Aside from the occasional wobble, investors exercised patience and caution despite the apparent threats of military conflict and outright whimsical bluster. The global economy appears to be in much better shape than just three months ago, with clear signs of a synchronized global expansion. The financial markets were propelled higher by steady earnings growth and continued low interest rates, with little indication that a widespread capitulation is on the horizon.
Canada’s economy is leading all major developed nations in terms of growth with the rate of expansion approaching an 18 year high. Yet there remains an excessive level of pessimism among investors as to the longevity of this economic cycle. While jobs are being created at almost an all-time record rate and nearly every province is growing, the Bank of Canada still feels the need to put the brakes on a bit. Meanwhile, Canadian companies are in very good condition and if there is any sort of commodity-based rally and only moderate interest rates increases, then beaten down Canadian stocks (which are extremely cheap by global standards) would be poised to outshine their international peers.
The U.S. economy remains in good shape, as Americans got out and spent more which is nursing the economy back to health after a feeble start to the year brought about by seasonal quirks like poor weather and late tax refunds. Its economy has expanded for eight straight years in the wake of the 2007-09 recession energized by an extremely strong labour market, which has driven the unemployment rate down to a nearly 16 year low. Inflation has slowed dramatically. In fact, U.S. employment and inflation today are amongst their least volatile in the past 50 years.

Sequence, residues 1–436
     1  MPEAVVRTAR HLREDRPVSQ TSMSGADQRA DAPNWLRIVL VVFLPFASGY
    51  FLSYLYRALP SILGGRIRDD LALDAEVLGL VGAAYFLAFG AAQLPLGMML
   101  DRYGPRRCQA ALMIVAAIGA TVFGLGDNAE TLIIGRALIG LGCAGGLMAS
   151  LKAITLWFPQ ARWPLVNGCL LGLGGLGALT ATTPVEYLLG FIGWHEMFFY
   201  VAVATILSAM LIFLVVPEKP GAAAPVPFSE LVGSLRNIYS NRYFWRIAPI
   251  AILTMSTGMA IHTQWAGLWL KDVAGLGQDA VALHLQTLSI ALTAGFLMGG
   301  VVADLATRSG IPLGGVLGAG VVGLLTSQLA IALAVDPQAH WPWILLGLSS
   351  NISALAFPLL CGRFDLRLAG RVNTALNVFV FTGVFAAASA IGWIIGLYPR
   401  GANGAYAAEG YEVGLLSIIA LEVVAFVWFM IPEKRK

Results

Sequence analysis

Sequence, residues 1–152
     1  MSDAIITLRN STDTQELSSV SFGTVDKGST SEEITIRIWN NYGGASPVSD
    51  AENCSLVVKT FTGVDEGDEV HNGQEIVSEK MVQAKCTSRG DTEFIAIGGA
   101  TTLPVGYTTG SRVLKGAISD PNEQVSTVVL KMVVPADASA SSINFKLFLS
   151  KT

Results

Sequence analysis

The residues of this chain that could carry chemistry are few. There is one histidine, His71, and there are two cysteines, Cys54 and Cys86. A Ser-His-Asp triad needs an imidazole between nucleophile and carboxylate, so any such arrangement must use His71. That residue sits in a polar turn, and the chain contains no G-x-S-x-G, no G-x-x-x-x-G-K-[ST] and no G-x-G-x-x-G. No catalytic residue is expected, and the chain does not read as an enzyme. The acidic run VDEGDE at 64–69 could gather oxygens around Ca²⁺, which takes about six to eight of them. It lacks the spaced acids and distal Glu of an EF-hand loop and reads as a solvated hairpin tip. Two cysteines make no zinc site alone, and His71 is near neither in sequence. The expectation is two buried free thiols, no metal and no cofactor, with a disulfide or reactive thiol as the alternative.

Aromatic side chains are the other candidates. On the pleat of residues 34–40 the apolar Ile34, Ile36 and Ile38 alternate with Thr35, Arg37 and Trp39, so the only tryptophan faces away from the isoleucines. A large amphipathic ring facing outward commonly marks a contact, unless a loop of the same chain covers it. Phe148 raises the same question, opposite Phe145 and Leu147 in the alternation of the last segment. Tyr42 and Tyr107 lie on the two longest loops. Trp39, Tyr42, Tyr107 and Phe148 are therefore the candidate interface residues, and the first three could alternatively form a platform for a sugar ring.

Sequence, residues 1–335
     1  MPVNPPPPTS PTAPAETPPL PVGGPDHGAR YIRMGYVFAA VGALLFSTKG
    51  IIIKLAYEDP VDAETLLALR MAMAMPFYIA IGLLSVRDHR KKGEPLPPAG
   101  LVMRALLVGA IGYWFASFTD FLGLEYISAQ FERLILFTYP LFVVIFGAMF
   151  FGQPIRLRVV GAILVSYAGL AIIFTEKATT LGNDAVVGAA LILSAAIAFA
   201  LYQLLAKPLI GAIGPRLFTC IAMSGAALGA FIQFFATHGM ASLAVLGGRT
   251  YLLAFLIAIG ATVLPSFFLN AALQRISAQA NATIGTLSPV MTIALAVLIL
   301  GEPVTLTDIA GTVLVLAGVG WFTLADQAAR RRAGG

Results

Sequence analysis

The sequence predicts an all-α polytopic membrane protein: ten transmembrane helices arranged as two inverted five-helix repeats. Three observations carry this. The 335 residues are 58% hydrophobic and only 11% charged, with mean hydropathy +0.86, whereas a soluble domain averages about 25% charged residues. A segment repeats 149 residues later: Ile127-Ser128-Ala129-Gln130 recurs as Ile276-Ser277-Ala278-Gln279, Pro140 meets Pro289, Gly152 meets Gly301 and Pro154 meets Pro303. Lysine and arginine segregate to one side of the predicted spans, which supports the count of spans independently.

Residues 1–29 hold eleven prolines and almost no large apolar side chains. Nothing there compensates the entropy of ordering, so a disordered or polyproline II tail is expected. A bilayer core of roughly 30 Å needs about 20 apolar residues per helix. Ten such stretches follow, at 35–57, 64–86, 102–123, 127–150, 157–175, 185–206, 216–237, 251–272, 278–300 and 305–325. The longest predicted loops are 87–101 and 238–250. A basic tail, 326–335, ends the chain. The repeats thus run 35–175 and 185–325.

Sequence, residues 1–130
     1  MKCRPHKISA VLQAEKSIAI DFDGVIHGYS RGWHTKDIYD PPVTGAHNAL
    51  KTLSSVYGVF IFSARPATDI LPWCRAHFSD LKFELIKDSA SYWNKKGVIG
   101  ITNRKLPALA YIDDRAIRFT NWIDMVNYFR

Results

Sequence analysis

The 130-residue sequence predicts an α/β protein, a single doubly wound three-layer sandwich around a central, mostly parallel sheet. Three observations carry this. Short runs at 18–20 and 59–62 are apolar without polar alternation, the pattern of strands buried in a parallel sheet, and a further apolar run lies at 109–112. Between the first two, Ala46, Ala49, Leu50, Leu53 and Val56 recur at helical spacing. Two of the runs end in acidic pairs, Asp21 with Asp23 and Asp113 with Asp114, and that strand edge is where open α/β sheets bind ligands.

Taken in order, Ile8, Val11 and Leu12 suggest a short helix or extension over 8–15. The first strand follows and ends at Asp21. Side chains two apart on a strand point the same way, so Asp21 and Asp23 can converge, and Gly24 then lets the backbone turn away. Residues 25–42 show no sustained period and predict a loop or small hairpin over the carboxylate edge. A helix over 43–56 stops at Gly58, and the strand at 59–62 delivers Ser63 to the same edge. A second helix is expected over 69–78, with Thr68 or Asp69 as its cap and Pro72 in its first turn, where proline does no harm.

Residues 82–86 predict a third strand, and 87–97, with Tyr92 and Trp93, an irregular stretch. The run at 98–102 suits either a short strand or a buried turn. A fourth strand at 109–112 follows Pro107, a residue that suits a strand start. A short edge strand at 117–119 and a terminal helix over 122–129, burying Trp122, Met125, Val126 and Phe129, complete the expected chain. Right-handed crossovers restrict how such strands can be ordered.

What a difference a year makes. All economies in Europe are improving which is a first in the post-crisis period. Europe is the last of the world’s major regional blocs to recover and may be finally entering a sustainable period of recovery. The nature of this recovery is different compared to previous short lived global recoveries as conditions are improving, monetary policy remains supportive, labour productivity has improved, capital investment is strong and populism appears contained for now. The U.K. economy on the other hand is becoming increasingly sluggish largely due to the uncertainty about its divorce terms with Europe. Britain’s suffering is likely to grow as the benefits of extremely low interest rates and a devalued currency wane.
Asia has entered a period of resurgence with Japan’s economy growing for the sixth straight quarter, backed by strong domestic demand, an upswing in exports, weaker currency and very low inflation. China continued its expansion but the economy has become increasingly reliant on new debt to foster growth which has led to several downgrades by bond rating agencies. India is expected to resume faster growth as the government’s de-monetization move last year led to several months of acute shortages which are now easing.
Currently, it is a very favourable environment for equities with the usual factors that warn of a bear market or recession have gone missing. This has led to another winning quarter for stocks as indices around the world hit new highs. Canadian stocks gained 3.7% while U.S. equities were up 0.7% (all returns in Canadian dollar terms). International stocks climbed 1.7% with European stock leading the way, up 2.3% followed by Asian stocks eking out a 0.4% increase. Emerging markets climbed 3.3% in the quarter. Interest rates are rising gradually which has made bonds a dark spot, losing 1.8%.
The recovery in global growth is on firm footing and the broader based upswing should be sustainable for now. There could still be any number of policy missteps or miscommunications which might negatively impact financial stability mid-term, but as of right now they are all known complications.